Robyn Hitchcock, of Robyn Hitchcock & the Egyptians.

And Sufjan Stevens, artiste extraordinaire.

A list this long looks less like a supergroup and more like a benefit concert. But I'm open for more suggestions. I just want to horse around and enjoy some good music; is that so wrong?

Saturday, May 14, 2011

Adam and Ezer

I sometimes indulge in the relatively sick pleasure of "playing with Scripture." I picked up this habit from Peter Rollins, an Irish theologian who does it quite a bit better than I do in his books The Fidelity of Betrayal and The Orthodox Heretic (his other books are focused on other things). Anyway, even Peter Rollins is only one in a tradition of playing with Scripture that is perhaps best described by Robert Farrar Capon in his trilogy on the parables of Jesus, Kingdom, Grace, Judgment:

My commitment to Scripture as the inspired Word of God–as a sacred deck of cards, not one of which may be discarded and not one of whose spots may be altered or ignored–in no way inhibits me from playing with Scripture. . . . We were meant first of all to spend huge amounts of time in the attic just poring over it and trying all of it on for size. And were were meant, above all, to invite the world up into the attic to play dress-up with us. We are supposed to be kids, you see: ‘I thank you, Father, Lord of heaven and earth, that you have hidden these things from the wise and prudent, and revealed them to babes.’ You can’t get more encouragement than that for holy horsing around.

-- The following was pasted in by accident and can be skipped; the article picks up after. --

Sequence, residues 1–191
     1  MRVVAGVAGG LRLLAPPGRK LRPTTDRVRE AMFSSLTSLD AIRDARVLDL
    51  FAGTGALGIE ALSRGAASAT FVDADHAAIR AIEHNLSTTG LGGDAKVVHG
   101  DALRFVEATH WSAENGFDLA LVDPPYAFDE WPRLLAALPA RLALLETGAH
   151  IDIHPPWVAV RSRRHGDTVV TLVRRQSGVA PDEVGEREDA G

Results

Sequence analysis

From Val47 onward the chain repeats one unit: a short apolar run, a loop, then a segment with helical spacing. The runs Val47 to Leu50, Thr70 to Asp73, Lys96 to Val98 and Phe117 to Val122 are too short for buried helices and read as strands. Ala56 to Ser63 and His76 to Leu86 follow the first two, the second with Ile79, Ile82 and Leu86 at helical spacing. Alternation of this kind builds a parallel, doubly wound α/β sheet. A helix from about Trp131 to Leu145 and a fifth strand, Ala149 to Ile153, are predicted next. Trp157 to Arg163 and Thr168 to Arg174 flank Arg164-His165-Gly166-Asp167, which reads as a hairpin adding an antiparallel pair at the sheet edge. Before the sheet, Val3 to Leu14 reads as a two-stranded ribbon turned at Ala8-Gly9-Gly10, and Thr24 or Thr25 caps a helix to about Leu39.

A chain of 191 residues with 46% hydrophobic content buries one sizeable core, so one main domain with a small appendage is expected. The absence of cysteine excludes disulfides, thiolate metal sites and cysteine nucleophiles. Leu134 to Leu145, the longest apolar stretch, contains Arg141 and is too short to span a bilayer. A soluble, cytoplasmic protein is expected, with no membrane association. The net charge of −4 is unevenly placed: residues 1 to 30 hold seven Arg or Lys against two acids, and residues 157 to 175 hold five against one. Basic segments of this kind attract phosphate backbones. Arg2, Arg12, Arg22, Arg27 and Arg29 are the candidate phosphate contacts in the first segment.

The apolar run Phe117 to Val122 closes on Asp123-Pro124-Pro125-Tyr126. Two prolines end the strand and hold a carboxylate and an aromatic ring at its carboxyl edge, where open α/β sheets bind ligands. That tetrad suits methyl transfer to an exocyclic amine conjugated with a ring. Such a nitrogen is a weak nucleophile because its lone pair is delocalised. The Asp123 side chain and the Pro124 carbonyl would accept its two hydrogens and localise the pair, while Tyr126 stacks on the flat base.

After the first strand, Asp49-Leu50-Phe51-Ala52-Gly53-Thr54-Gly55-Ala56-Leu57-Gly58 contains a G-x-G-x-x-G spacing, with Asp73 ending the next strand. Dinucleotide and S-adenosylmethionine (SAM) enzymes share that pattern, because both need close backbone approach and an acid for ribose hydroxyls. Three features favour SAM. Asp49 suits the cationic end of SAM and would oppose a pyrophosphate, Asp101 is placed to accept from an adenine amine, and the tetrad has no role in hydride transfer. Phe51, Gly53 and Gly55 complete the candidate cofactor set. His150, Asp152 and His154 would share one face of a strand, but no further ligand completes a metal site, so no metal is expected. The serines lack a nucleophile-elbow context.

This week I ran across some writing by British import and missions trainer Jo Saxton that inspired some further holy horsing around on my part. Jo was writing about the translation issues associated with the biblical story of the creation of Eve, the first woman. Here's a common translation of how the story begins.